Today, in the wake of the G7 Summit in Cornwall, the Government has announced its response to the Dasgupta Review on the Economics of Biodiversity.
In his February 2021 Report, commissioned by HM Treasury in 2019, Professor Sir Partha Dasgupta stated “Truly sustainable economic growth and development means recognising that our long-term prosperity relies on rebalancing our demand of nature’s goods and services with its capacity to supply them. It also means accounting fully for the impact of our interactions with nature. Covid-19 has shown us what can happen when we don’t do this.”
The main takeaway from this morning’s announcement was the government’s commitment to a ‘nature positive’ future “in which we leave the environment in a better state than we found it and ensure economic and financial decision-making is geared towards delivering that”.
The government also announced an intention to table an amendment to the Environment Bill that would require major infrastructure projects to provide a net gain in biodiversity and wildlife.
Dr Stephanie Wray, Mammal Society Chair said “By extending net gain to major infrastructure schemes we hope that the approach will be broadened out to encompass a fuller appreciation of Britain’s biodiversity and not limit it to a simple habitat-based metric.”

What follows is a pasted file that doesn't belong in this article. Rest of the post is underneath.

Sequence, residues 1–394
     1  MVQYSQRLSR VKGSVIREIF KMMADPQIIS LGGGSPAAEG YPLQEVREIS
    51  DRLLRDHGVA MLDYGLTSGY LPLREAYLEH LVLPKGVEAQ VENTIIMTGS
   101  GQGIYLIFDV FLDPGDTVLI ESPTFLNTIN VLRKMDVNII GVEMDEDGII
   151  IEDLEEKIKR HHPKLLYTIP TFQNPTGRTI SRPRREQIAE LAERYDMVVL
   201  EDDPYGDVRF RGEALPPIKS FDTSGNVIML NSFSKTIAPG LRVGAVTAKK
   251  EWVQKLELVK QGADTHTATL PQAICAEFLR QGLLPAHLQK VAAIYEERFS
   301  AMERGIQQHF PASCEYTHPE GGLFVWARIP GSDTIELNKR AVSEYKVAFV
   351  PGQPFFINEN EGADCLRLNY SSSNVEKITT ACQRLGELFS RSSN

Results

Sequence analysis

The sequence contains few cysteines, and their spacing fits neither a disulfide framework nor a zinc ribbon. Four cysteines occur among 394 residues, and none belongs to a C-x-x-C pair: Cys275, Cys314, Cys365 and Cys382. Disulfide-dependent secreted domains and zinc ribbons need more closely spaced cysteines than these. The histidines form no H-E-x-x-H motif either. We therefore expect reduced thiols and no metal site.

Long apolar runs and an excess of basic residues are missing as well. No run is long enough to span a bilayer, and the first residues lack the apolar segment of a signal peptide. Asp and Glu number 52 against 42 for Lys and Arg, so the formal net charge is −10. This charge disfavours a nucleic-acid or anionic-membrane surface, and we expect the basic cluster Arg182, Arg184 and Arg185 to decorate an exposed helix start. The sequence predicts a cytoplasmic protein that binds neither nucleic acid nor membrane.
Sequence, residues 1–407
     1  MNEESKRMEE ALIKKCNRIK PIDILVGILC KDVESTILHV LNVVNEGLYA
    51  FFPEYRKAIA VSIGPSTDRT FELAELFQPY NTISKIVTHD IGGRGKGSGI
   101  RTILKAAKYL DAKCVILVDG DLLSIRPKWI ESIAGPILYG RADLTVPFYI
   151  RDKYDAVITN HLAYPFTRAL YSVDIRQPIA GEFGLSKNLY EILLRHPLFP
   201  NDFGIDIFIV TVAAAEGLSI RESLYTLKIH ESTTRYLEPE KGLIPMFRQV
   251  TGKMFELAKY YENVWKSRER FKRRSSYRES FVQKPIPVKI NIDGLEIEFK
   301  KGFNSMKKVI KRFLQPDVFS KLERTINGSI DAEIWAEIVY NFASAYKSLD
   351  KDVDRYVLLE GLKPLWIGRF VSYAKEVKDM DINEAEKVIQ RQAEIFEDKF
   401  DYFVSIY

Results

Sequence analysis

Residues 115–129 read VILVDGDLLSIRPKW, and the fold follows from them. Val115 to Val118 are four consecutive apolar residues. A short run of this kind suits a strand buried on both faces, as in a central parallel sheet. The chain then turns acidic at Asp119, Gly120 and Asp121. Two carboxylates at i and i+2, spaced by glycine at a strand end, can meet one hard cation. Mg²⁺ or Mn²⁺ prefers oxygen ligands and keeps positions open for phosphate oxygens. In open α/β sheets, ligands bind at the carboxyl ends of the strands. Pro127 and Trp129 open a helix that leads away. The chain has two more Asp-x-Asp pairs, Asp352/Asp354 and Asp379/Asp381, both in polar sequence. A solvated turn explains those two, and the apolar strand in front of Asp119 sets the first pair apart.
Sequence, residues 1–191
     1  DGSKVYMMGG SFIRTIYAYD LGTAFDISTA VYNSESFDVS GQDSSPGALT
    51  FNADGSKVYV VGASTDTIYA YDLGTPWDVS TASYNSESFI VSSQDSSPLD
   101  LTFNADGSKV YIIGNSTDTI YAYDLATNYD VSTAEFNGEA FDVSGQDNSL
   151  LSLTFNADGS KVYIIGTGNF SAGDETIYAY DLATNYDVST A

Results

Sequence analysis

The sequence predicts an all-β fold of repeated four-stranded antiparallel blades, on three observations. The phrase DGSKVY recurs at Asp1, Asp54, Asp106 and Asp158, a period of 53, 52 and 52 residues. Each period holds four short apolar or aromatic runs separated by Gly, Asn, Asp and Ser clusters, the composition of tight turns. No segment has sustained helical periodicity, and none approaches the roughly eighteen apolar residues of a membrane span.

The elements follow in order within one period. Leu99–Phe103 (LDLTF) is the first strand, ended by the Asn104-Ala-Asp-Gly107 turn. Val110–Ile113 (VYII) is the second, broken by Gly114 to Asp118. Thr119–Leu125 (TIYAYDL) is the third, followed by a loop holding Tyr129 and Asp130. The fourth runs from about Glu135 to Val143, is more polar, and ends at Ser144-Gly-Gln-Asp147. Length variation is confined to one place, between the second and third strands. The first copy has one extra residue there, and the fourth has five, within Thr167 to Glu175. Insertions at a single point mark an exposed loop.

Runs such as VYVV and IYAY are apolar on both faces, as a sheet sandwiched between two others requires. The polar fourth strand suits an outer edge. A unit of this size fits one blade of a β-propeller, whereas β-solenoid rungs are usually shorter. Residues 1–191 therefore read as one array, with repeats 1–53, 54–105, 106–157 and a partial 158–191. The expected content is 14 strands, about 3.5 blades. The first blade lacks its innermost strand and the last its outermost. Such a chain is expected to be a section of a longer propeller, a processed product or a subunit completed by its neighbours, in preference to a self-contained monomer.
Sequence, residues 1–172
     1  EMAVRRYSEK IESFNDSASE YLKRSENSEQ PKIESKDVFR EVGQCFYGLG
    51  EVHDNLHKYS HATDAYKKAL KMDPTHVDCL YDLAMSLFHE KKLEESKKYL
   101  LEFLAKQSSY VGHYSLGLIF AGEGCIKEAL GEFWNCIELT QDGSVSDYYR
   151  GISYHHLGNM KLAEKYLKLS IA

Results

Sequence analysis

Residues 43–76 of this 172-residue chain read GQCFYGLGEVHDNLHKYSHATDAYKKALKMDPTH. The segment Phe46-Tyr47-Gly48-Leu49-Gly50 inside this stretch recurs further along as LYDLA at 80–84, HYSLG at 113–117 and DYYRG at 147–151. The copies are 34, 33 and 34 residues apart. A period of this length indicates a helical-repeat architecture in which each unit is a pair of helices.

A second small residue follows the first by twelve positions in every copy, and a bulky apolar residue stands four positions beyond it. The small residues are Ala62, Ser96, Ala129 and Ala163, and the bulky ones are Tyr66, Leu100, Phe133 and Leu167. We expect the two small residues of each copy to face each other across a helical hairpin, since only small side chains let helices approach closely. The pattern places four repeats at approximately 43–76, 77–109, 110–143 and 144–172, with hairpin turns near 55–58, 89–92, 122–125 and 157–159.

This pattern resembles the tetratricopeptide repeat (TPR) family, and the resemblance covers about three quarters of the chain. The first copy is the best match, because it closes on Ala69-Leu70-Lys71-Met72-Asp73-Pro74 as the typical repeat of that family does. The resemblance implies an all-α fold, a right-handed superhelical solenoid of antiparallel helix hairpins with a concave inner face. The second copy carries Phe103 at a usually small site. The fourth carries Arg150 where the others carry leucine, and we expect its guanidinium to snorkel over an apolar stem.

In today’s response to the government also committed to:
- £3 million additional support to the development of the Taskforce on Nature-related Financial Disclosures framework – a market-led initiative which will support business in assessing emerging nature-related risks and opportunities
- working with the Office for National Statistics to improve the way nature is incorporated into our national accounts
- further improving Government guidance for embedding environmental considerations into policy-making processes
- incorporating biodiversity into the UK Government Green Financing Framework
- joining the OECD Paris Collaborative on green budgeting, an initiative to encourage governments to incorporate climate and environmental considerations into their financial and fiscal decisions
The Mammal Society welcomes the government’s commitment to a ‘nature positive future’ and recognises that the implications of the commitment are far reaching for society. With one quarter of Britain’s mammals at risk of extinction in the near future (Red List of Britain’s Mammals), the time for decisive action is now.
Read the full Dasgupta report here.
Read the Government response in full here.
Photograph: Leisler’s bat (near threatened) by Daniel Hargreaves